Large Polygons in Deuteronilus Mensae
Large Polygons in Deuteronilus Mensae
PSP_007492_2265  Science Theme: Glacial/Periglacial Processes
This image reveals hexagonal and polygonal patterns formed by networks of soil troughs on the floor of a valley in the Deuteronilus Mensae region, located on the northern edge of Arabia Terra and borders the Martian southern highlands and northern lowlands.

The polygonal patterns indicate that the surface has undergone stress, potentially caused by subsidence (sinking), desiccation (drying out), or thermal contraction. These polygon features are similar to permafrost thermal-contraction polygons that form in polar and high alpine regions on Earth by seasonal-to-annual contraction of the subsoil. On Earth, such polygon features are indicative of the presence of ground ice and are commonly referred to as “patterned ground.” The patterns are the result of thermal contraction in ice-cemented soil or permafrost that forms a honeycomb network of small fractures below the surface. The network of fractures is eventually manifested as shallow troughs at the surface, forming the hexagonal and polygonal patterns visible in this image.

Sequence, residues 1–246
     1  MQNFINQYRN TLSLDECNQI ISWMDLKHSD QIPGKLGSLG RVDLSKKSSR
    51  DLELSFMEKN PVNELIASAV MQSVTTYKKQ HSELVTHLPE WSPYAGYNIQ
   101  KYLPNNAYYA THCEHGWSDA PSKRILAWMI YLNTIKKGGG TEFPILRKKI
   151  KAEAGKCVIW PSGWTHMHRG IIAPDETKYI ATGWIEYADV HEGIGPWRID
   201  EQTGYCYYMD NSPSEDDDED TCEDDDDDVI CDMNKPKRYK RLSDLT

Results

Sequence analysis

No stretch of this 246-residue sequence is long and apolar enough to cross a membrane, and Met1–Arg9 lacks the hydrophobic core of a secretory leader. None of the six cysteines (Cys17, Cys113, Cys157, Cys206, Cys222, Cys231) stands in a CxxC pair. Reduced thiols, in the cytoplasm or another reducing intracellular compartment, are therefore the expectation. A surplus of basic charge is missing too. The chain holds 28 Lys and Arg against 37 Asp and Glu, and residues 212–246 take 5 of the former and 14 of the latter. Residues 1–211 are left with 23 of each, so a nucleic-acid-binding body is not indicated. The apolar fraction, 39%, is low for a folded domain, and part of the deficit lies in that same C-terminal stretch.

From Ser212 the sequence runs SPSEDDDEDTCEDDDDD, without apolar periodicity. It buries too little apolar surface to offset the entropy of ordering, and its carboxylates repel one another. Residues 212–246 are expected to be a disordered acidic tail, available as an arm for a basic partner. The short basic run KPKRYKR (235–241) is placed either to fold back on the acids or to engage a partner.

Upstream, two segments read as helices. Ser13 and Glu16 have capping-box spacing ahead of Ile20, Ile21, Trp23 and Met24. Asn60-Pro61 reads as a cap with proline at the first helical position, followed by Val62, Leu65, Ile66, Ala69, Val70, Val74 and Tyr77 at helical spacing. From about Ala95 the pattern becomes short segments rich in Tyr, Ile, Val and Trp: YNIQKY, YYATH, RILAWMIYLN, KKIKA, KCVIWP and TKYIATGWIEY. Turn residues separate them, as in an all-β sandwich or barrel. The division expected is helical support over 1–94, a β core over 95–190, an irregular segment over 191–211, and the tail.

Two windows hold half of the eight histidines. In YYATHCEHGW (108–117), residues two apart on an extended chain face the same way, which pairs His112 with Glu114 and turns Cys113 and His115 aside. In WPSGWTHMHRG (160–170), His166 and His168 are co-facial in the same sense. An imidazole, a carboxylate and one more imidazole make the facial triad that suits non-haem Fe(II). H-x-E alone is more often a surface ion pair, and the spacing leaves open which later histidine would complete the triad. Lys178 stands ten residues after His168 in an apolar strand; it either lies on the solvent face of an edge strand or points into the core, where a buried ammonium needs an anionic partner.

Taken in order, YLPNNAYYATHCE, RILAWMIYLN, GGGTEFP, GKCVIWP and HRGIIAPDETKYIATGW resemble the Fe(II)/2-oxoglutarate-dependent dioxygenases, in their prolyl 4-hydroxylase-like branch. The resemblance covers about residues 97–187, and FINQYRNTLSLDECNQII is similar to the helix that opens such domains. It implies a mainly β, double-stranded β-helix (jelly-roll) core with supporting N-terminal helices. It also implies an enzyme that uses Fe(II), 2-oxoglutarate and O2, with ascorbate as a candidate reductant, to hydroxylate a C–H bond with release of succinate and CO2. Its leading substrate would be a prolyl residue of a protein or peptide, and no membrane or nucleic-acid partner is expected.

The polygons in this scene average approximately 100 meters (110 yards) in size and appear to be higher in elevation in the center than in the surrounding troughs. Boulders are accumulated in the center of the polygons and dunes are visible in several of the troughs.

The landforms we observe here most likely indicate that ice-rich permafrost is present or has been present in the past.

Written by: Maria Banks  (26 March 2008)

This is a stereo pair with PSP_007703_2265.
Acquisition date
02 March 2008

Local Mars time

Latitude (centered)

Longitude (East)

Spacecraft altitude
304.2 km (189.1 miles)

Original image scale range
30.8 cm/pixel (with 1 x 1 binning) so objects ~92 cm across are resolved

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25 cm/pixel and North is up

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Solar incidence angle
45°, with the Sun about 45° above the horizon

Solar longitude
39.4°, Northern Spring

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North azimuth:  97°
Sub-solar azimuth:  335.9°
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NASA’s Jet Propulsion Laboratory, a division of the California Institute of Technology in Pasadena, Calif., manages the Mars Reconnaissance Orbiter for NASA’s Science Mission Directorate, Washington. The HiRISE camera was built by Ball Aerospace and Technology Corporation and is operated by the University of Arizona.